The Mysteries of Gauge
Published On: May 25, 2011

On a lot of my recent patterns, I’ve included a wee little chart like this.  The shaded column on the left is gauge (in stitches per inch).  The shaded row on the top lists the various sizes the pattern is written in.  The cells in the middle tell you what size finished object you’ll get if you make a given size at a given gauge.  So with this chart, if you were working at a gauge of 4.5 stitches per inch, and you make the size medium, you’ll get a hat with a finished size of 20 inches.

This demonstrates one of the most basic things about knitting, and one of the things I think a surprisingly large number of knitters haven’t quite internalized.  You can really fine tune your sizing through yarn choice and gauge. Now this isn’t magic (it’s math) and it doesn’t work for everything.  But it is an awfully handy tool to have in your box of tricks when you want to nudge the size of something just a bit.

The socks I’m working on now are a perfect illustration of this.   Let’s look.

The gray socks on the top have a 64 stitch foot.  The blue socks on the bottom have 54 stitch foot.  Yet as you can see, the blue socks are quite a bit bigger than the gray socks.  This is because the gray socks are worked at a gauge of 8 stitches to the inch, and the blue socks are worked at a gauge of 6 stitches to the inch.

This only works because the socks use radcially different yarns.  The gray socks are a traditional sock weight, and the blue socks are a heavy dk. So both socks are knit up at an appropriate density (nice firm fabric suitable for socks) for the given yarn.  You can’t just use the gray yarn at 6 stitches per inch (it would feel like walking on little wires, and it would wear through in a few hours) or the blue yarn at 8 stitches per inch (you’d break your needles and the fabric would be stiff like cardboard).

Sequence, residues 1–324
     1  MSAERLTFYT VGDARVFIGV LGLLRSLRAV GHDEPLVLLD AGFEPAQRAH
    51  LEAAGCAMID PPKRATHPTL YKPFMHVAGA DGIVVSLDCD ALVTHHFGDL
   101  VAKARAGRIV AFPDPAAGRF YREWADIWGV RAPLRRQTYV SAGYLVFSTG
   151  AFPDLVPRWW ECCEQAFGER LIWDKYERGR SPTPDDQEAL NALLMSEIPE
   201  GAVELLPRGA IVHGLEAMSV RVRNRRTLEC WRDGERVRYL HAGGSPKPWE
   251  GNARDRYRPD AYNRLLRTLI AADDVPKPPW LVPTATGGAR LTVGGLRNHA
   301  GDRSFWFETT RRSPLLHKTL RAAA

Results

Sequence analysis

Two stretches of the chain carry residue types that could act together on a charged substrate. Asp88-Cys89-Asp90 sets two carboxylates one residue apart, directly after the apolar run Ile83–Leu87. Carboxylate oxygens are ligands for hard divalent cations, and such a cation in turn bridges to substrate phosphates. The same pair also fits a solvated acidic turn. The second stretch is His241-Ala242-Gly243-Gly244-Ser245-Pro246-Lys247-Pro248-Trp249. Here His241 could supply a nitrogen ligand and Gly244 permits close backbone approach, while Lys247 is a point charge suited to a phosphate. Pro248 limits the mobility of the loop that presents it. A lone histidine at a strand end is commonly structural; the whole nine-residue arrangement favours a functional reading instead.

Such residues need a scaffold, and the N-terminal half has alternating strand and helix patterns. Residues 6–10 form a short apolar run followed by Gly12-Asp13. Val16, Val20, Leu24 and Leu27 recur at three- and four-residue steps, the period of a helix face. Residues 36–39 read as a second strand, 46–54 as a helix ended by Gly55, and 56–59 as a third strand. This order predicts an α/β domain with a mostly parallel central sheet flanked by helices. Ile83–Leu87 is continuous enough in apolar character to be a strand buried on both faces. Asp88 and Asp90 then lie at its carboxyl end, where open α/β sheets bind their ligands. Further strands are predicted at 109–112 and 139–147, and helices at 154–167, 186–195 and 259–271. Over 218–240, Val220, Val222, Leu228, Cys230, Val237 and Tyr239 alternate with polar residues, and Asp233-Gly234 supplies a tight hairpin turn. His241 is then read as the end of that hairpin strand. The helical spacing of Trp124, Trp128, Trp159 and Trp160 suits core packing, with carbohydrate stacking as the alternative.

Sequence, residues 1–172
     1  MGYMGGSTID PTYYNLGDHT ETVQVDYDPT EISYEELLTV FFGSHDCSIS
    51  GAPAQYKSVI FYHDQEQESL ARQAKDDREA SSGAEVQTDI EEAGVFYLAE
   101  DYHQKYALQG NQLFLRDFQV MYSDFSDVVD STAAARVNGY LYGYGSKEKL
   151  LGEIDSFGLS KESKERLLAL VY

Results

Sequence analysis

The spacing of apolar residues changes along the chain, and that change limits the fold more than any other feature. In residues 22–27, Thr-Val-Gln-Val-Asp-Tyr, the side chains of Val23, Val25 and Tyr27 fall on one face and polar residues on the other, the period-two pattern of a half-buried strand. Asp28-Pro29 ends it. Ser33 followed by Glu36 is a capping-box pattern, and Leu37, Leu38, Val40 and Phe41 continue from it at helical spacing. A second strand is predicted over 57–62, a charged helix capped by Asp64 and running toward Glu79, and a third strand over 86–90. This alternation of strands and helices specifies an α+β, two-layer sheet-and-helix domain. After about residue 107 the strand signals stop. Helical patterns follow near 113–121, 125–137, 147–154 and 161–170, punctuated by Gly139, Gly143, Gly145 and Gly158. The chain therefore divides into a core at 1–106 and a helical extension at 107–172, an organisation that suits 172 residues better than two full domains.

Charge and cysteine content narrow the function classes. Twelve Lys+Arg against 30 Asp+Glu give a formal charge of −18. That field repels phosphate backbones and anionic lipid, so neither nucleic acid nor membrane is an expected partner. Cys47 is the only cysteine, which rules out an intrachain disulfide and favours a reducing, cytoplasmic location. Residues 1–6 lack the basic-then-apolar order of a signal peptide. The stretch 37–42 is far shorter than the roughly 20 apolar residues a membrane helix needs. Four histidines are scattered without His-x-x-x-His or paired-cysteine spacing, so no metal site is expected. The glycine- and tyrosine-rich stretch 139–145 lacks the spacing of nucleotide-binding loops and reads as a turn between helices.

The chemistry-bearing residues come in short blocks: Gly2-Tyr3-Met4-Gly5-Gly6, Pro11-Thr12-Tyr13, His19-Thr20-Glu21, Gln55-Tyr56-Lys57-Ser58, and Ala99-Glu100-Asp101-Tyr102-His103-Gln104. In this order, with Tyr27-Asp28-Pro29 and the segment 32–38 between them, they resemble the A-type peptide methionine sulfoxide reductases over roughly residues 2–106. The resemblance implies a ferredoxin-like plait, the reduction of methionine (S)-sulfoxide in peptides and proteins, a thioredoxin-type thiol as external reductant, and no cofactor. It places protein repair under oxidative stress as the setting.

But, with a bit of planning, this approach can let you use a wider range of patterns and yarns than you might think.  Let’s say you’ve fallen madly in love with a  pattern that comes in a 64 stitch size and calls for a gauge of 8 stitches per inch.  That gives about an 8 inch sock.  What if your feet aren’t 8 inches?  If you’ve got bigger feet, pick a thicker yarn and work at a gauge of closer to 7.5 or 7 stitches per inch.  If you’ve got smaller feet, pick a thinner yarn and work at a gauge of closer to 8.5 or 9 stitches per inch. This trick lets you fine tune the final size without having to adjust the pattern itself.  Especially for something like a sock where a half inch one way or the other can make all the difference, it works beautifully.

Now I can’t speak to the skinny yarns (I’ve got big feet and I’m a lazy knitter), but I have a nice little list of excellent thick sock yarns.  I’ll come back and post them later if people are interested (and I’d love to hear from you folks with tiny feet or more patience about which skinny sock yarns are your favorite).

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